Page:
The town of Choyudo has a reputation of not wanting gringos. About four years ago a Kino snowbird was going to move his trailer there but the locals threw a fit. We don't want no stinkin' gringos and so the deal fell through. Is it that the townfolks didn't want their little pueblo to become another ex-pat community or resort town? Or does something more sinister go on there? We did have to pass through two checkpoints - one federales and one local police - on the road from Hermosillo to Guaymas so it makes you wonder.
Tastiota and Choyudo are two towns on the coast south of Calle Doce and north of San Carlos, about a two-hour drive from here if you don't get lost on back roads or get stopped at a gate to a shrimp farm and have to backtrack.
Off the main road we drove through a rapidly expanding shrimp farm to reach the town. I'd been there four years ago and don't remember passing all those shrimp canals. The coastal desert along the Sea of Cortez is being scored by canals, arid land replaced by water. What is worse for the environment? Farming for shrimp or trawling for shrimp? It's probably a wash.
Tastiota consists of about 12 houses and sits at the entrance to a shrimp farm. It is not on the beach but on a lovely inland waterway. There is no taco stand, no little grocery store, no church. Just those dozen or so houses.
Back through the canals we made our way to Choyudo. As soon as we reached the town I thought I could see living here. Which is probably what a lot of gringos think when they encounter that little town which is probably the reason for the no-gringo policy. It is lovely. Houses built on hillsides, bougainvillea everywhere. It has a Mediterranean feel.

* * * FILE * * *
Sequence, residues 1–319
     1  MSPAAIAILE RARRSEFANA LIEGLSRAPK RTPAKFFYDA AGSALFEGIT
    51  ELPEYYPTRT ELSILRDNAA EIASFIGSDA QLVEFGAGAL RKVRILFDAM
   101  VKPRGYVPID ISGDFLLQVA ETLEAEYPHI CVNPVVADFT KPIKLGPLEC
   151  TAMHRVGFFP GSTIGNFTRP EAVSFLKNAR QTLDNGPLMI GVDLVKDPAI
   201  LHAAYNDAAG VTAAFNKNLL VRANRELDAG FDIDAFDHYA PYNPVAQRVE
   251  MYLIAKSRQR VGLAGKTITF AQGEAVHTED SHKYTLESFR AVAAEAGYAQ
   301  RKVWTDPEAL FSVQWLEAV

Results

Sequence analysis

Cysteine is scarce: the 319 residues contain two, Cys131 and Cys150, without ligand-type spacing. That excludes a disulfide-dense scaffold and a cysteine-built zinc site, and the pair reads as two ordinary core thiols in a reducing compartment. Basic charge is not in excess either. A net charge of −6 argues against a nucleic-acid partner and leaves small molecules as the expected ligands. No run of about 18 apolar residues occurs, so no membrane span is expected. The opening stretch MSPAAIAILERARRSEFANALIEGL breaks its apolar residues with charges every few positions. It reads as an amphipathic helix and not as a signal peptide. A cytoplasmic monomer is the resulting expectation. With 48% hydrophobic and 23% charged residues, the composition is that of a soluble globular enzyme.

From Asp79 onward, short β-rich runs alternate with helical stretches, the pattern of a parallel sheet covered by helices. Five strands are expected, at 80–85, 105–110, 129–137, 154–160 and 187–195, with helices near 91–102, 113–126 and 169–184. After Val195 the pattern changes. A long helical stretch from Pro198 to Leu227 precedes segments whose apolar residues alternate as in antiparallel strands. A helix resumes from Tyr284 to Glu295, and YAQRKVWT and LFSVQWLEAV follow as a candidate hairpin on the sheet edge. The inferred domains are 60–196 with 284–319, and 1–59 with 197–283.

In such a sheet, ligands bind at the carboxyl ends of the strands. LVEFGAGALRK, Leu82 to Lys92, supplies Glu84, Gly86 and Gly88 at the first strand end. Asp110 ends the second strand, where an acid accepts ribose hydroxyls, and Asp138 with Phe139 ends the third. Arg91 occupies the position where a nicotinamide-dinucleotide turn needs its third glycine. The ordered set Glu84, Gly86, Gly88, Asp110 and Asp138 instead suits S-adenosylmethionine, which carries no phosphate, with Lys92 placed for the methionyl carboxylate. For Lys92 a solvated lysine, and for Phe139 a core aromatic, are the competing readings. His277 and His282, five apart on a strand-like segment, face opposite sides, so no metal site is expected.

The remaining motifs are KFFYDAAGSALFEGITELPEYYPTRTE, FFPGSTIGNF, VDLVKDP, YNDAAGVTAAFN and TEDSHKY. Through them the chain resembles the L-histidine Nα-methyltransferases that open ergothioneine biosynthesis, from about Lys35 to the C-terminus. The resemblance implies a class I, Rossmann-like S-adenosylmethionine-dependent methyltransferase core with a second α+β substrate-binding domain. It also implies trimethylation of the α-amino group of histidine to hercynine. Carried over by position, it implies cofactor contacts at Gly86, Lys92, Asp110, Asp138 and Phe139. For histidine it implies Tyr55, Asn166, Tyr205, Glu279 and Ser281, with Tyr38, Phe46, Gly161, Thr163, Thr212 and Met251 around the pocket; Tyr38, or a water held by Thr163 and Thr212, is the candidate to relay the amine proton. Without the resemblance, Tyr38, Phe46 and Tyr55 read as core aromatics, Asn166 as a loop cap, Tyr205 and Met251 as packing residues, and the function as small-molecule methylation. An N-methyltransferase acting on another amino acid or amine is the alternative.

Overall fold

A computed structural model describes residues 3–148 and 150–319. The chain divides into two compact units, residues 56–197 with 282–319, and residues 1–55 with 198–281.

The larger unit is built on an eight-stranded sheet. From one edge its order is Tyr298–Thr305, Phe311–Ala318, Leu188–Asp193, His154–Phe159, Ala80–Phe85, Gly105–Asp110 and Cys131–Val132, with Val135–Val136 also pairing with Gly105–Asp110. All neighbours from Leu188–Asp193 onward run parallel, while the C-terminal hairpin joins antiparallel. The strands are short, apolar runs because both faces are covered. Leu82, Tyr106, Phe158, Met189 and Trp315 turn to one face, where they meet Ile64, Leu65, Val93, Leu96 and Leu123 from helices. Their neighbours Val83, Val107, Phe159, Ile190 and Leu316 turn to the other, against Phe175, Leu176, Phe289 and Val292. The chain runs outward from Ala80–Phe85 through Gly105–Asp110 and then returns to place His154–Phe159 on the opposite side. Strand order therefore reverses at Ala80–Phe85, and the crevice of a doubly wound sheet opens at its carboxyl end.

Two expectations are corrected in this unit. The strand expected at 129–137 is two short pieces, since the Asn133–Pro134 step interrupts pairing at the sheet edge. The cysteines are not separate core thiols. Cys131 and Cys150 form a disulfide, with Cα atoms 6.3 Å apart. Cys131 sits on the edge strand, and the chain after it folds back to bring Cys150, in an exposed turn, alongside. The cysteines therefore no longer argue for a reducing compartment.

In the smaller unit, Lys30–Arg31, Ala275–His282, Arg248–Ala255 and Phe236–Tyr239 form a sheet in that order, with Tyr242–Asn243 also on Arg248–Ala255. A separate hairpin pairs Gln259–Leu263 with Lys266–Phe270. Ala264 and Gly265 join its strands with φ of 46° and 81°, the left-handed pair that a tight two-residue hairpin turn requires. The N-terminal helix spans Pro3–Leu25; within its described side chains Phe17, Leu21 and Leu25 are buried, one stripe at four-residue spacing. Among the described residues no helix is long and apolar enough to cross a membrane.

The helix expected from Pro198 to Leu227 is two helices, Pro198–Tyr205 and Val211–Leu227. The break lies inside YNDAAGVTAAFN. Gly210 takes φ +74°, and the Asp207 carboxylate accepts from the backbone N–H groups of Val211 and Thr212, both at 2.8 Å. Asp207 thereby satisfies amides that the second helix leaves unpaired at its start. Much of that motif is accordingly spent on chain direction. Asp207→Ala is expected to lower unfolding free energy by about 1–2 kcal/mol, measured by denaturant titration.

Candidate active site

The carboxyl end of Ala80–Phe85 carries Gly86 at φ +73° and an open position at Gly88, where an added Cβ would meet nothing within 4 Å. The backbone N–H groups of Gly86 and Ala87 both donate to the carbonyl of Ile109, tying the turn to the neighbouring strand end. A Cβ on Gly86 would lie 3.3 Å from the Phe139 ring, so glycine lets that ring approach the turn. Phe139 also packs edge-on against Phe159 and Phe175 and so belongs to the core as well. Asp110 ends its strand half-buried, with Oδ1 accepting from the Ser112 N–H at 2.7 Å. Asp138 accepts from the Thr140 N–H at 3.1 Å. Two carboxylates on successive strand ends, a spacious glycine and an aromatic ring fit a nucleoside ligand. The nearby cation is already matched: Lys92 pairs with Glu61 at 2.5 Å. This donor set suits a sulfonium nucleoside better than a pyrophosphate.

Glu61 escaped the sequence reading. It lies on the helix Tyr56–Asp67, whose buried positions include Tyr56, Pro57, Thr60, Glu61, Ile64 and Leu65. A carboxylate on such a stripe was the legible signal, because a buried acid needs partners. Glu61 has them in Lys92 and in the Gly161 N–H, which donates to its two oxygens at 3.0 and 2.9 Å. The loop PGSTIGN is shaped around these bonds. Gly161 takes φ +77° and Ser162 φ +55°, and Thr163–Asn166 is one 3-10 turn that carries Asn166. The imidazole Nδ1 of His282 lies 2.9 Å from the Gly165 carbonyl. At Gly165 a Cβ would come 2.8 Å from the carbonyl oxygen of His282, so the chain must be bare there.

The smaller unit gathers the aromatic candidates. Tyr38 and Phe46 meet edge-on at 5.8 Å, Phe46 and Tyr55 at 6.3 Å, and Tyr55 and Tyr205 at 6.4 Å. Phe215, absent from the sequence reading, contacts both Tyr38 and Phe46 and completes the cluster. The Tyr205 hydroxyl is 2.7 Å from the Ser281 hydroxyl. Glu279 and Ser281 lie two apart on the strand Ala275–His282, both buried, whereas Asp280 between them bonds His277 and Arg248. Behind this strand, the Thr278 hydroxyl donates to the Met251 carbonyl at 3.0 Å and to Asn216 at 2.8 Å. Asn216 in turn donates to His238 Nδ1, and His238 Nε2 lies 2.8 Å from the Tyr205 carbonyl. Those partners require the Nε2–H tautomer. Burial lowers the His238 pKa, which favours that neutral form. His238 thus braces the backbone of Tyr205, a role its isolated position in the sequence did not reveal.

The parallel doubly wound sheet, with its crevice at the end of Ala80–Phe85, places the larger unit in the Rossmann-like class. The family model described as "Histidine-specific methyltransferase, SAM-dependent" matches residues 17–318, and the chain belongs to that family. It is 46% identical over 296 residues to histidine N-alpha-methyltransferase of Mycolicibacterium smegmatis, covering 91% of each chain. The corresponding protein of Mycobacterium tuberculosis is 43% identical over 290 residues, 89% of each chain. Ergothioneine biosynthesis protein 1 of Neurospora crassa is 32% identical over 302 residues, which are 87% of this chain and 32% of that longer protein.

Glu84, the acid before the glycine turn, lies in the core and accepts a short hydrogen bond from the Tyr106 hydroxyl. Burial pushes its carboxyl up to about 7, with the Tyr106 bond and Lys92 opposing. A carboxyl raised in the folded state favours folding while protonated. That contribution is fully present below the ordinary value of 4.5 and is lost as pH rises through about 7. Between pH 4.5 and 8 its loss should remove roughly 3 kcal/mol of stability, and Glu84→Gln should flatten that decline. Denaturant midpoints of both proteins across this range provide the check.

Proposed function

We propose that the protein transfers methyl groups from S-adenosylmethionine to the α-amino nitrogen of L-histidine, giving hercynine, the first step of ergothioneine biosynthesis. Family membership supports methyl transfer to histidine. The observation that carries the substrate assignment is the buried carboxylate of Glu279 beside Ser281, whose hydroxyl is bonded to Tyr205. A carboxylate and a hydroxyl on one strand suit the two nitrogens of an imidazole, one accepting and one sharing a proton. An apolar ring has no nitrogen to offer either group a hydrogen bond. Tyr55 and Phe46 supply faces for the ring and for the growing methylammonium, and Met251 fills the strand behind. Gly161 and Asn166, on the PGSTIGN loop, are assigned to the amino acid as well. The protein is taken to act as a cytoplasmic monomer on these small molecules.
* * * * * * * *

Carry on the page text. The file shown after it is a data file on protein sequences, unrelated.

We came across this amazing jelly fish. Never seen nothing like that on a Kino beach.
The only restaurant: Palapa Los Delfines.
The clam and scallop station.
Some nice touches: the pico de gallo in the glass, the corn tortilla warmed on the grill (so unlike the soggy corn tortillas they use for the tacos here), the fish nice and crispy, and mustard on the tortilla rather than mayo which was a tasty change.
Their son and nephews look to be responsible for some of the seafood.
They'd just caught this little deflated puffer fish.
One straw, two mouths, one good breath and voila! puffed up!
After lunch we sat on the beach and finished the last of our beers. I kept checking the time. I didn't want to miss The Rapture. I figured the massive earthquake and subsequent armageddon would strike elsewhere and I'd have to read about it on the internets. Or maybe it was happening right here and I'd been transported to Choyudo heaven.
I was trying to come up with a Mexican equivalent of "Don't Californicate Oregon." How about something like "No ChingadeCancun Choyudo."